Speeding up shutil.copytree with multiprocessing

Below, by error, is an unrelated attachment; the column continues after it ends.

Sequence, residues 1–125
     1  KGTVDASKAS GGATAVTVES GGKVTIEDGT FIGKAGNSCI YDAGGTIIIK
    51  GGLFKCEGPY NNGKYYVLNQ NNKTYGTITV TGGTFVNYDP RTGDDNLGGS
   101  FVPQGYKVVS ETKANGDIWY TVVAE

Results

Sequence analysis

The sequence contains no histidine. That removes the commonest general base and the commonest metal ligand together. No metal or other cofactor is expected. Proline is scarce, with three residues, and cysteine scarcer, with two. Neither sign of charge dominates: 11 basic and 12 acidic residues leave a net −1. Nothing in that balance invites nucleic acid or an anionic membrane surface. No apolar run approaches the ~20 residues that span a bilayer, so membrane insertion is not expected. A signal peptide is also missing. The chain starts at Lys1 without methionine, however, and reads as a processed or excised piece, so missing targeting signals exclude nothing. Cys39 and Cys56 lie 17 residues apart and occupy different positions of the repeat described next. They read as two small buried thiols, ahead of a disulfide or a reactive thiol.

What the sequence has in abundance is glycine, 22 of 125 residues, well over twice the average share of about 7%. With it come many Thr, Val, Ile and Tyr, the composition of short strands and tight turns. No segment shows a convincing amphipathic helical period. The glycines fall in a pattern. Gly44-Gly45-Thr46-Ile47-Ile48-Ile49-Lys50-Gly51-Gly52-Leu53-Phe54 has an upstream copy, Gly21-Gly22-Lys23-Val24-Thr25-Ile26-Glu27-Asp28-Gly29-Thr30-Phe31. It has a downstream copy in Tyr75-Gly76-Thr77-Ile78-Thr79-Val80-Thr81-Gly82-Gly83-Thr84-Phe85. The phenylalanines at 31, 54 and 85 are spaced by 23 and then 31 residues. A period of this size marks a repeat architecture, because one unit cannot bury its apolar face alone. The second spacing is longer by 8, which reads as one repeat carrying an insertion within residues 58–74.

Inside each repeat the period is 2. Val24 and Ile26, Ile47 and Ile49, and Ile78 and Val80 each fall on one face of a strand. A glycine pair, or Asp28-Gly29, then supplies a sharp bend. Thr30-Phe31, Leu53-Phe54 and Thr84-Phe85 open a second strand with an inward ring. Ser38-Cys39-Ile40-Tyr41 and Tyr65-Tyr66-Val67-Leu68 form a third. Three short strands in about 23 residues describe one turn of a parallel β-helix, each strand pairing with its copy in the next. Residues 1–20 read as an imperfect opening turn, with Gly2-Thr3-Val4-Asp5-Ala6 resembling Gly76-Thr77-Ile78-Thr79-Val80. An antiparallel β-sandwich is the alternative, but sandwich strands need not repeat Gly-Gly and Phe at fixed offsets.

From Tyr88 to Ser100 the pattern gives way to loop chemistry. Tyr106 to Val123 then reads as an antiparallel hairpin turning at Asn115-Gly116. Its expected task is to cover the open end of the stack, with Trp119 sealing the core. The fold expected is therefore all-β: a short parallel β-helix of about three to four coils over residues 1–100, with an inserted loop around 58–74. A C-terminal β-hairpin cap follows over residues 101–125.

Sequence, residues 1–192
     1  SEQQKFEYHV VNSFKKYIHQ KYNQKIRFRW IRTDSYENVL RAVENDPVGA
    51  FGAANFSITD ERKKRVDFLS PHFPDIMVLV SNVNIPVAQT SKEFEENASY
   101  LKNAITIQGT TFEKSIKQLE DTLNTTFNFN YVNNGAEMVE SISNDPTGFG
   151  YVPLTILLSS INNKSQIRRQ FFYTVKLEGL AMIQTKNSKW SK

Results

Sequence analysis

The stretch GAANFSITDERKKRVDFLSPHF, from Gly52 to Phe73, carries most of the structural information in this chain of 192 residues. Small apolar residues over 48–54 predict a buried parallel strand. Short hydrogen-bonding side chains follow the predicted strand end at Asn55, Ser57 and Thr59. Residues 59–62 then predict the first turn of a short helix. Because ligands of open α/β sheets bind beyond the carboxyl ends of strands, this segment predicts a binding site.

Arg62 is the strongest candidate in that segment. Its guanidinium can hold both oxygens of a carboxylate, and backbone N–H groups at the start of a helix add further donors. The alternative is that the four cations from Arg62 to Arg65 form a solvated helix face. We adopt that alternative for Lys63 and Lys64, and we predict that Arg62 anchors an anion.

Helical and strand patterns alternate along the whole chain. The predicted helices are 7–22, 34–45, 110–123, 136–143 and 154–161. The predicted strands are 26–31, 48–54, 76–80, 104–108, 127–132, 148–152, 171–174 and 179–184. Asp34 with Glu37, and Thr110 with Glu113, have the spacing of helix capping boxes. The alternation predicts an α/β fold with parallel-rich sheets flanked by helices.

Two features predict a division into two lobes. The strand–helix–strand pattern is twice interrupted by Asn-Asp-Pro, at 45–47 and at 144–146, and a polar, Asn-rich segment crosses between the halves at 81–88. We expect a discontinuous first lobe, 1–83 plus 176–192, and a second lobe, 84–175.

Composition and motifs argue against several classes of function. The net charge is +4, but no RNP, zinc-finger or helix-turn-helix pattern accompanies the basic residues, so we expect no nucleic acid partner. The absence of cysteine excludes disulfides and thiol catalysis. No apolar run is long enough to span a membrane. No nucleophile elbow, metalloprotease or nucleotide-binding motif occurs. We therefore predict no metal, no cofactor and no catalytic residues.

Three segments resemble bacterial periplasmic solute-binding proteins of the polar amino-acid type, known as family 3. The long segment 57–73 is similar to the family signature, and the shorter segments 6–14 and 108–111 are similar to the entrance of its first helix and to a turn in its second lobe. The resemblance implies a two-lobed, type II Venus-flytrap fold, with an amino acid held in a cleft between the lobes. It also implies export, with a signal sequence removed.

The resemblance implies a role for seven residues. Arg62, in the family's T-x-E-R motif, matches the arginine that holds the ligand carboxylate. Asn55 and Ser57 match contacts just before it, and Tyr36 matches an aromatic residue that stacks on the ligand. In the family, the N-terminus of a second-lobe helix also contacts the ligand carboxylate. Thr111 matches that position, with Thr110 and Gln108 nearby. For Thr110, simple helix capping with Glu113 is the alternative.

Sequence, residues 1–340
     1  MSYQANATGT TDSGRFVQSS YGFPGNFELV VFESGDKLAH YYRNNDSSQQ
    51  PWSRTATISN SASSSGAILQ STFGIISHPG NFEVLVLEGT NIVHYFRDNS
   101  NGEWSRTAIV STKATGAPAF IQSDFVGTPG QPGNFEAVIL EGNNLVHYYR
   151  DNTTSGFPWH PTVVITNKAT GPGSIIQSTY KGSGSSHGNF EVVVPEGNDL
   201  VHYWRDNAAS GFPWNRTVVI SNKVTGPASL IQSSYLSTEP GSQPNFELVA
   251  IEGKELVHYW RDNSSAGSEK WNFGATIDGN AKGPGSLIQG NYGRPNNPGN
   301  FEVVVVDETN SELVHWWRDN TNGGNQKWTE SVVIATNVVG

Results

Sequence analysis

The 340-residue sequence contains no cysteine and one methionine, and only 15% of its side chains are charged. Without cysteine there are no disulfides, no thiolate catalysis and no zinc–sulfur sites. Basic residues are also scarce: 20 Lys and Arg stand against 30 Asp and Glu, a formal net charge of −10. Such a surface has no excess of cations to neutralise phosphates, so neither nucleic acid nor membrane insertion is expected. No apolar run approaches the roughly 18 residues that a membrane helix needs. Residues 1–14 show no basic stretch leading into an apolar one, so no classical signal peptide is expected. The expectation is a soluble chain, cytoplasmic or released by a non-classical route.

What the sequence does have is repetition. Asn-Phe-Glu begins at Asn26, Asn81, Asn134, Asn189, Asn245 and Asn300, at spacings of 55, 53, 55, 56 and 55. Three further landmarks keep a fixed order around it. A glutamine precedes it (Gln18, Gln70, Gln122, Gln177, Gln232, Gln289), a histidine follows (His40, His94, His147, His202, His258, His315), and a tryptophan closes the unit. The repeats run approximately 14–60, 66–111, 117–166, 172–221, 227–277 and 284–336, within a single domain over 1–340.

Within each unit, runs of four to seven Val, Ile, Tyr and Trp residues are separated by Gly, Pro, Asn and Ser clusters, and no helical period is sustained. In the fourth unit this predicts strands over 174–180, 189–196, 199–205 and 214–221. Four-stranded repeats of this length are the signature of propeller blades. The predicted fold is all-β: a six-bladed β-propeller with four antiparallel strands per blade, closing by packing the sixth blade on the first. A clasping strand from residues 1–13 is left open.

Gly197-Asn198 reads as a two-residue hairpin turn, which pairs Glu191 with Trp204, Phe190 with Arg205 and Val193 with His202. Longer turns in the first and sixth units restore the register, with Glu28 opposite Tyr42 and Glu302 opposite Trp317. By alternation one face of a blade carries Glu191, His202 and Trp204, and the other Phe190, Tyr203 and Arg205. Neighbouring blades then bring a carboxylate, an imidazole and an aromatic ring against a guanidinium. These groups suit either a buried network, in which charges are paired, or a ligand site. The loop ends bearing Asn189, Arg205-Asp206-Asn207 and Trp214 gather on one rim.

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New to Python 3.2's implementation of shutil.copytree is the copy_function parameter, added in issue #1540112. This new parameter allows you to specify a function to be applied to each file in the tree, defaulting to shutil.copy2. I was thinking about a problem we have at work where our continuous integration server needs to setup a build environment with clean copies of our dependencies. To do this, we do a lot of shutil.copytree'ing, getting files from internal teams and some from projects like Boost and Xerces. It takes a long ass time to copy all of that stuff. Really long. Fortunately my work computer has 16 cores, so I thought, why not make the copytree function use more of my machine and go way faster? Sounds like a job for multiprocessing. Knowing I can use this new copy_function parameter to copytree, and knowing that multiprocessing.Pool is super easy to use, I put them together. [code lang="python"] def _copy_worker(copy_fn, src, dst): copy_fn(src, dst) class FastCopier(multiprocessing.Process): def __init__(self, procs=None, cli=False, copy_fn=copy2): """procs is the number of worker processes to use for the pool cli is True when this is being used on the command line and wants the cool progress updates. copy_fn is the function to use to carry out the actual copy.""" multiprocessing.Process.__init__(self) self.procs = procs if procs else multiprocessing.cpu_count() self.copy_fn = copy2 self.callback = self._copy_done if cli else None self._queue = multiprocessing.Queue() self._event = multiprocessing.Event() self._event.set() self._count = 0 def _copy_done(self, *args): """Called when _copy_worker completes if we're running as a command line application. Writes the current number of files copied.""" self._count += 1 sys.stdout.write("Copied %d files\r" % self._count) sys.stdout.flush() def run(self): pool = multiprocessing.Pool(processes=self.procs) try: while self._event.is_set(): try: src, dst = self._queue.get_nowait() except Empty: continue pool.apply_async(_copy_worker, (self.copy_fn, src, dst), callback=self.callback) # We get kicked out of the loop once we've exited the external # copy function, e.g., shutil.copytree. pool.close() except KeyboardInterrupt: print("Interrupted") finally: pool.join() def stop(self): self._event.clear() self._queue.close() def copy(self, src, dest): """Used as the copy_function parameter to shutil.copytree""" # Push onto the queue and let the pool figure out who does the work. self._queue.put_nowait((src, dest)) [/code] What we have here is a class that uses a multiprocessing.Queue and spreads out copy jobs using a multiprocessing.Pool. The class has a copy method which simply puts a source and destination pair into the queue, then one of the many workers will actually do the copy. The _copy_worker function at the very top is the target, which simply executes the copy2 call (or whatever copy variant you actually want to execute your copy). Putting this to use is pretty easy. Just create a FastCopier, then pass the copy method of FastCopier into shutil.copytree. As copytree works its way through your tree, it will call FastCopier.copy, which pushes into the queue, and the pool splits up the work. [code lang="python"] def fastcopytree(src, dest, procs=None, cli=False): """Copy `src` to `dest` using `procs` worker processes, defaulting to the number of processors on the machine. `cli` is True when this function is being called from a command line application. """ fc = FastCopier(procs, cli) fc.start() try: # Pass in our version of "copy", which just feeds into the pool. copytree(src, dest, copy_function=fc.copy) finally: fc.stop() fc.join() [/code] It's pretty fast. As an example, I copied my py3k checkout folder which has around 17,000 files and weighs around 1.7 GB. The baseline of using a single process does the copy in 458.958 seconds (on a crappy 7200 RPM drive). Using four processes completes the work in 120.243 seconds, and eight takes 128.336 seconds. Using the default of all cores, 16 in my case, takes 217.557 seconds, so you can see it drops off after the 4-8 range but it's still 2x faster. I haven't done much investigation since I'm pretty happy with a nearly 4x performance boost, but I'd like to do better, so maybe I'll post a followup. Why I think this is so cool: I'm sure there may be better and faster ways of solving this problem using many of the finely crafted modules out there, but this is available out of the box. This comes for free and it's available right now. Sure, this isn't the killer feature of Python 3.2, but I think it showcases the extensibility and the power of Python and the standard library. After toying with it for a while, I put the initial version of my findings here and called it copymachine. It's just a standalone script right now and has no tests (I know, I know), but I'll fiddle with it and you are more than welcome to as well. (disabled comments, sorry, spam got to be too much)

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